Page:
Liam Fox says it’s ‘not the time for a leadership election’
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With Britain gripped in a cost of living crisis, the former senior cabinet minister has attacked the Bank of England, which was made independent of Government by former Labour Chancellor Gordon Brown, for failing to understand the threat posed to the British economy. It comes as Chancellor Rishi Sunak has risked infuriating his Tory MP colleagues more by appointing another anti-Brexit economist to the Bank’s board.
The latest economic news has rocked the Treasury with GDP decreasing by 0.1 percent suggesting that Britain is about to plunge into a recession.
A record hike in energy costs of 54 percent has spiked inflation to 7 percent in the last month with the figure set to rise further.
Speaking in Parliament, Dr Fox blamed the Bank for failing in its duty to steward the nation’s finances.
The speech was the 30th anniversary of his maiden speech after first getting elected in the Conservative victory 1992 under John Major’s leadership.
He said: “It is almost universally accepted that the first duty of Government is the protection of its citizens. As a former Defence Secretary, I am only too aware of the many external threats to the safety of our people and our country, but there are other threats that I believe we have a right to be protected from: the debasement of our currency, the erosion of our earnings and the devaluation of our savings.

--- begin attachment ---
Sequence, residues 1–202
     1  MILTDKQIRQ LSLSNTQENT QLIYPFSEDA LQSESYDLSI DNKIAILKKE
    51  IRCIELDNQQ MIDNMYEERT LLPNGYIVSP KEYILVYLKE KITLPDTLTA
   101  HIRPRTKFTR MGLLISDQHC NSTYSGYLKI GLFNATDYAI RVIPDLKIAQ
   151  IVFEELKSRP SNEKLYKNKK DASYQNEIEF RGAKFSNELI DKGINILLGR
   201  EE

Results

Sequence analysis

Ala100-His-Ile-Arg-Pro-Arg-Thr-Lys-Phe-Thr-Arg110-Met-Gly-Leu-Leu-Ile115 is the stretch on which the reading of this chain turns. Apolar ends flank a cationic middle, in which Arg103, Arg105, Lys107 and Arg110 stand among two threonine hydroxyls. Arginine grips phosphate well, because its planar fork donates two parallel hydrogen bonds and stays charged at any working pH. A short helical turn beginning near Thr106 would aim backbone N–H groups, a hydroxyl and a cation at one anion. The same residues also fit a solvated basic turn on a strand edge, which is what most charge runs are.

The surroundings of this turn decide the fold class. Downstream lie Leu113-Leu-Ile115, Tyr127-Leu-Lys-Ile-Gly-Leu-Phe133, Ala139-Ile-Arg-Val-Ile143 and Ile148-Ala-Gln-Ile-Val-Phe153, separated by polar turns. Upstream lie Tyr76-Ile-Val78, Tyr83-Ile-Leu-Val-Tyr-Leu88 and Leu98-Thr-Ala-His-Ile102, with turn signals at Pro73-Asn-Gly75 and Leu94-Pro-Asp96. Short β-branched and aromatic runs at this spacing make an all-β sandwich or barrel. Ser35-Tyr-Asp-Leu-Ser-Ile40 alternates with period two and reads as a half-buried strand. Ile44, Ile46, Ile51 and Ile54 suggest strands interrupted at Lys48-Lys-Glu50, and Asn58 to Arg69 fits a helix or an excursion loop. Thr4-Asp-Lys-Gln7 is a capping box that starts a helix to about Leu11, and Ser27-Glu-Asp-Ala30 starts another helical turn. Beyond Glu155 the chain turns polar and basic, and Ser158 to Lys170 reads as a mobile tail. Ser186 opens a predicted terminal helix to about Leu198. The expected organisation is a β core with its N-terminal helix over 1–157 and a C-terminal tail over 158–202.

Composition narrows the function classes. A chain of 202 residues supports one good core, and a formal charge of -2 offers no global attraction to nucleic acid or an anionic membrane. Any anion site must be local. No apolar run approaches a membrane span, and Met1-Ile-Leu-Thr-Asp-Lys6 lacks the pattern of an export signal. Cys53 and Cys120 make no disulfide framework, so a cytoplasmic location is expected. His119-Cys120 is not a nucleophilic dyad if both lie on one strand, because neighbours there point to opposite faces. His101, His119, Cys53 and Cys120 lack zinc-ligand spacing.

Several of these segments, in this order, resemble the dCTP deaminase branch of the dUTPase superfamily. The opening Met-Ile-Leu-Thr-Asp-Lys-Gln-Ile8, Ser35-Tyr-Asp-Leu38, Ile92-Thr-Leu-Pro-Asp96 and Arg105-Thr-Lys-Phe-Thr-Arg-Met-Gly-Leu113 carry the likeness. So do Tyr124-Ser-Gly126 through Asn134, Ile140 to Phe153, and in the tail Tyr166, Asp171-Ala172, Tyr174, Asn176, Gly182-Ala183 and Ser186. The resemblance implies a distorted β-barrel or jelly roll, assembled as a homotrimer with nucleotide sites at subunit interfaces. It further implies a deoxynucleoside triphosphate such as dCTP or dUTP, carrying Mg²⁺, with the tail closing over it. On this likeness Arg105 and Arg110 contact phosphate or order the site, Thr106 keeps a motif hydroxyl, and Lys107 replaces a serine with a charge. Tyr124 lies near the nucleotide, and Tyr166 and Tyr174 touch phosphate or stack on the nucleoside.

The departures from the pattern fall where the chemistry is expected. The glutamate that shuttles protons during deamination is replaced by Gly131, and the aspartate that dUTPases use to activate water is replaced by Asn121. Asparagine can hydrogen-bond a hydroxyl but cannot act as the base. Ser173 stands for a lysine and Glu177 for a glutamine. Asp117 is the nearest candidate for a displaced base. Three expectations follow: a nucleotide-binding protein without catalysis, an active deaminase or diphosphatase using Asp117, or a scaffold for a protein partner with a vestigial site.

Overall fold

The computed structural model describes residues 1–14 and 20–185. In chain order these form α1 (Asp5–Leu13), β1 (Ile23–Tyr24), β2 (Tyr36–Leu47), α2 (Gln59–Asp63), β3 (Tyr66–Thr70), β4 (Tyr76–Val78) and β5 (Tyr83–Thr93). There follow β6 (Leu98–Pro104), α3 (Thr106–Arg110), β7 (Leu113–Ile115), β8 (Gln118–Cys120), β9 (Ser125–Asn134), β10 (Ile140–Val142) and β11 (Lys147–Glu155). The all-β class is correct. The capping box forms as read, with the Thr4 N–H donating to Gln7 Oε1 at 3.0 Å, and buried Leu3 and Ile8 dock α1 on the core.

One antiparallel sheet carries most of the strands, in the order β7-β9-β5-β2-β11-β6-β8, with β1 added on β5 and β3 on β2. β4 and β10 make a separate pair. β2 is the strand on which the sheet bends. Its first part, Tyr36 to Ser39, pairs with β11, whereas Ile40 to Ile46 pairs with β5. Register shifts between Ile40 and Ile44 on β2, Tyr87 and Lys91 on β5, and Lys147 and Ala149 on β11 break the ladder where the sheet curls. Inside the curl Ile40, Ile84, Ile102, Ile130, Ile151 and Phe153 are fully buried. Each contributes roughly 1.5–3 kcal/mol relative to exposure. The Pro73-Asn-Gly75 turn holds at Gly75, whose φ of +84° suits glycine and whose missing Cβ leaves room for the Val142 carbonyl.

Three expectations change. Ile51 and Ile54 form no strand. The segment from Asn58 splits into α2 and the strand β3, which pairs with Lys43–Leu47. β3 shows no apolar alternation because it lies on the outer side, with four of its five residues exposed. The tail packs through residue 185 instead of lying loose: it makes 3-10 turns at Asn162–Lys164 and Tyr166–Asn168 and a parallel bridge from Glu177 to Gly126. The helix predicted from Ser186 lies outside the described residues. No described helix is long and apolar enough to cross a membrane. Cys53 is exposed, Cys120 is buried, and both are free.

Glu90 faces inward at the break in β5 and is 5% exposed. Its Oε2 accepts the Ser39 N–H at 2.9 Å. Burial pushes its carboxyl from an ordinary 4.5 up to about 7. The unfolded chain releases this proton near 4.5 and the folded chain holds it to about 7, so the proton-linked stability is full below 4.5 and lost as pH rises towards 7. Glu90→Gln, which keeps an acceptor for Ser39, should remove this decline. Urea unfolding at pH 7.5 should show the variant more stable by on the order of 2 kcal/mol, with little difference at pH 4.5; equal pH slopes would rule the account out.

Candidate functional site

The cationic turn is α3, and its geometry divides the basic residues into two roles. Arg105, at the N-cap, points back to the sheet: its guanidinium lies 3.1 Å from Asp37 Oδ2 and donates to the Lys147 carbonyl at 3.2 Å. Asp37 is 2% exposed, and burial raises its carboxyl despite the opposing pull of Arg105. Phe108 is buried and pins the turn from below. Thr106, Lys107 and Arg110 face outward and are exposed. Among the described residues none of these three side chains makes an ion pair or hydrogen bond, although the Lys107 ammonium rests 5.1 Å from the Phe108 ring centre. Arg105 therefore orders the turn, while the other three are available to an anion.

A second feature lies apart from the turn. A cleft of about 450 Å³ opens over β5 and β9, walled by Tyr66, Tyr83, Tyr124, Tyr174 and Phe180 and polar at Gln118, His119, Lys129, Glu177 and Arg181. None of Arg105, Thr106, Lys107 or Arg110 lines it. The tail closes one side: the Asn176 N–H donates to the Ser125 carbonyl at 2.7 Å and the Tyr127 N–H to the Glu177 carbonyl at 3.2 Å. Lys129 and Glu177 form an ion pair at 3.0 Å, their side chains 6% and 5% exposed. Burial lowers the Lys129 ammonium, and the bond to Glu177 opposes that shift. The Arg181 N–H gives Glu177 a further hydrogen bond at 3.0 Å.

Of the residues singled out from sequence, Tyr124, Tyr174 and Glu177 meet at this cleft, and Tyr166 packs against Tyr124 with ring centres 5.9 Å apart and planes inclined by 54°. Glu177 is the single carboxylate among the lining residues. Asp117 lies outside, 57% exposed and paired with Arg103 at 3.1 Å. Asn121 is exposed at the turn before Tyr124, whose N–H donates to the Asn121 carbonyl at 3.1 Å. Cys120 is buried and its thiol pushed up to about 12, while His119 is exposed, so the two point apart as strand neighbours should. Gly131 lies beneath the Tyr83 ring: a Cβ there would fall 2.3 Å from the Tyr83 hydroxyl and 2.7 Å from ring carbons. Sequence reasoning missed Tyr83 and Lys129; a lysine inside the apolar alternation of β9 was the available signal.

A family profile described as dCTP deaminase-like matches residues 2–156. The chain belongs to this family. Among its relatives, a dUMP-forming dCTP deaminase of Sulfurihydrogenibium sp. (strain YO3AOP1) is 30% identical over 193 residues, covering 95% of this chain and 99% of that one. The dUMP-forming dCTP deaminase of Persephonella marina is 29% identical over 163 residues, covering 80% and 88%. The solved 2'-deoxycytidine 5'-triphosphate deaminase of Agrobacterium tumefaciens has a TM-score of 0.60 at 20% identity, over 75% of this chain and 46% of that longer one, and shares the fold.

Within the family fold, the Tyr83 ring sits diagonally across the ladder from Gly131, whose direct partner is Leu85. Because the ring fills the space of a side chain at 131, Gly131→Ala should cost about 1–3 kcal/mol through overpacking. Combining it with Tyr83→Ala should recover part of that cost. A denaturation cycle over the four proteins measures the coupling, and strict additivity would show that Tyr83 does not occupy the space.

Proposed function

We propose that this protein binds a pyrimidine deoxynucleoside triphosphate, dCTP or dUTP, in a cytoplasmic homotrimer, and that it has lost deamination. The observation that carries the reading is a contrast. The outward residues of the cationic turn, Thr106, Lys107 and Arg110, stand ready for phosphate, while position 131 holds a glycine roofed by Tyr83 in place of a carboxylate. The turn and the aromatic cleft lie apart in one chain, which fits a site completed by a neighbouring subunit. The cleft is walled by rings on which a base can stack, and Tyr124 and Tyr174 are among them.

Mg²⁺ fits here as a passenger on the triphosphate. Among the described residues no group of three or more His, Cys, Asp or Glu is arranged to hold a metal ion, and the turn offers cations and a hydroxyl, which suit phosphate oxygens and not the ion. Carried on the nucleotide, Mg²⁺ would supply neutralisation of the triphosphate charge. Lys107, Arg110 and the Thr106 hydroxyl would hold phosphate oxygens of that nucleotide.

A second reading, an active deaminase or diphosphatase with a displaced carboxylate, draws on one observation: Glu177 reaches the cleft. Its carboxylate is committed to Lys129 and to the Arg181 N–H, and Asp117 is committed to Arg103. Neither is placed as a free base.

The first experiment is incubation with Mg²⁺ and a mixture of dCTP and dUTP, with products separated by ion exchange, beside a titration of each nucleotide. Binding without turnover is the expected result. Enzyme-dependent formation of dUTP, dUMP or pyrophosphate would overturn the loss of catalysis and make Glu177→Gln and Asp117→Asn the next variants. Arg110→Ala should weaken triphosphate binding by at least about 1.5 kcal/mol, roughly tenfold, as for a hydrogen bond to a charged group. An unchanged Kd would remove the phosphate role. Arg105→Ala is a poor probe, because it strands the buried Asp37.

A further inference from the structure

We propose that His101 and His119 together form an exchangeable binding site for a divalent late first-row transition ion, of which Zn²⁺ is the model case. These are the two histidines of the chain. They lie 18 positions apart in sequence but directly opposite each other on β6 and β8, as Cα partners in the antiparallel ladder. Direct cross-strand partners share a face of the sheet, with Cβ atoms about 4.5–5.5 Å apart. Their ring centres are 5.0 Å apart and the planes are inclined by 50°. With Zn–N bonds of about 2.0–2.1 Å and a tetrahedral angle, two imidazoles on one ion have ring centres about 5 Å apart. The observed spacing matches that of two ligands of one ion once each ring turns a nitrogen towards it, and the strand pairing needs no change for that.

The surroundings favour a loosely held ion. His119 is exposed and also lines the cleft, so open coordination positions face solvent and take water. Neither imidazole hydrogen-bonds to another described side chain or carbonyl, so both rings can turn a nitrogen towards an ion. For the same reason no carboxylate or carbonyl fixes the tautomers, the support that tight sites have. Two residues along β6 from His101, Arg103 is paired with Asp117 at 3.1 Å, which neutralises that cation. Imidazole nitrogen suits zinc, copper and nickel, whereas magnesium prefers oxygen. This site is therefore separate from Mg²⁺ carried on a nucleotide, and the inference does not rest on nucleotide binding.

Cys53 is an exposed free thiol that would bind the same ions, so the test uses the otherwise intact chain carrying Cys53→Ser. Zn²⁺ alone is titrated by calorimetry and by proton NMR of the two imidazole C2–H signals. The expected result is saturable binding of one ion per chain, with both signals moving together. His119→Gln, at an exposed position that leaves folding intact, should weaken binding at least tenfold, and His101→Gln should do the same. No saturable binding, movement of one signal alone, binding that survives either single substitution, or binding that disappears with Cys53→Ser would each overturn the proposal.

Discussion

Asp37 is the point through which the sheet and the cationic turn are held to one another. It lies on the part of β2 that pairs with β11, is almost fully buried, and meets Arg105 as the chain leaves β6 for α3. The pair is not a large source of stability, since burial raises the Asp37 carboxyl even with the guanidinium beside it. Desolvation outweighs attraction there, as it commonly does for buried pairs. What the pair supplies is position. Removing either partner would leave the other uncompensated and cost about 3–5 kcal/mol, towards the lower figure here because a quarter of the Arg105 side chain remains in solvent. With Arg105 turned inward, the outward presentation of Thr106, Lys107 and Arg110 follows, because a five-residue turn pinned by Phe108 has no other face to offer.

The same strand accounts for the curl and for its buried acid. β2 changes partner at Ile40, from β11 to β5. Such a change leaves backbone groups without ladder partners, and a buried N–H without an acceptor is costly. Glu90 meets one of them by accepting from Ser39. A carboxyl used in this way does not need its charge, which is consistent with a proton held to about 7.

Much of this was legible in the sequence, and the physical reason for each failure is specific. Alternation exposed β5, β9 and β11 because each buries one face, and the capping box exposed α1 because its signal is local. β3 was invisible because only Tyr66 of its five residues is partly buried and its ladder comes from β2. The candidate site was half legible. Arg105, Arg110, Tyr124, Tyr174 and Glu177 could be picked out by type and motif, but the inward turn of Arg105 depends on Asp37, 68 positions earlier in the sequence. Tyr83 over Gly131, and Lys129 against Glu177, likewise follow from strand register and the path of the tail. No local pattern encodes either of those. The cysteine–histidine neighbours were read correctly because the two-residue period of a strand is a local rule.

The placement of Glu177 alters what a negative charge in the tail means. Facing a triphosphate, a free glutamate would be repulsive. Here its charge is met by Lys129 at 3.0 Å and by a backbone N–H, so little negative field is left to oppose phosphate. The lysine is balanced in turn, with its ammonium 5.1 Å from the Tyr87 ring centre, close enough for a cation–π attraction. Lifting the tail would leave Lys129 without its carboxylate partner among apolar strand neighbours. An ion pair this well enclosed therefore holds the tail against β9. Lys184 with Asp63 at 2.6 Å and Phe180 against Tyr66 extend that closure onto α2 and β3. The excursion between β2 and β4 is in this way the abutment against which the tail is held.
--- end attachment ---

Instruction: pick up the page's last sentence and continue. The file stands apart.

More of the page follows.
“I believe it is fundamentally wrong for Governments to engage in structural profligacy, spending excessively across the economic cycle and passing ever-larger amounts of debt on to the next generation.”
He went on: “I also believe it is the duty of central banks to safeguard the value of our money and our savings. The Bank of England persisted beyond any rational interpretation of the data to tell us that inflation was transient, then that it would peak at 5 percent. It has consistently underestimated the threat.”
And in a damning conclusion he added: “There are three things I would like to see. First, the Treasury Committee should launch an investigation into why the Bank of England so comprehensively underestimated the inflationary threat; secondly, the monetary policy report should go back to being the inflation report and thirdly, the Government should think about what guidance might be given to the Bank of England on considering and reporting monetary stability.”
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It comes as Chancellor Rishi Sunak has appointed an ardent critic of Brexit as one of his key policymakers infuriating many Tory MPs.
Mr Sunak has chosen Dr Swati Dhingra, an associate professor at the London School of Economics, to sit on the Bank’s rate-setting Monetary Policy Committee (MPC) despite criticism in recent years of an anti-Brexit bias on Threadneedle Street.
There has been pressure for the Government to instead find pro-Brexit alternatives to sit on board of the Bank who want to make Brexit a success.
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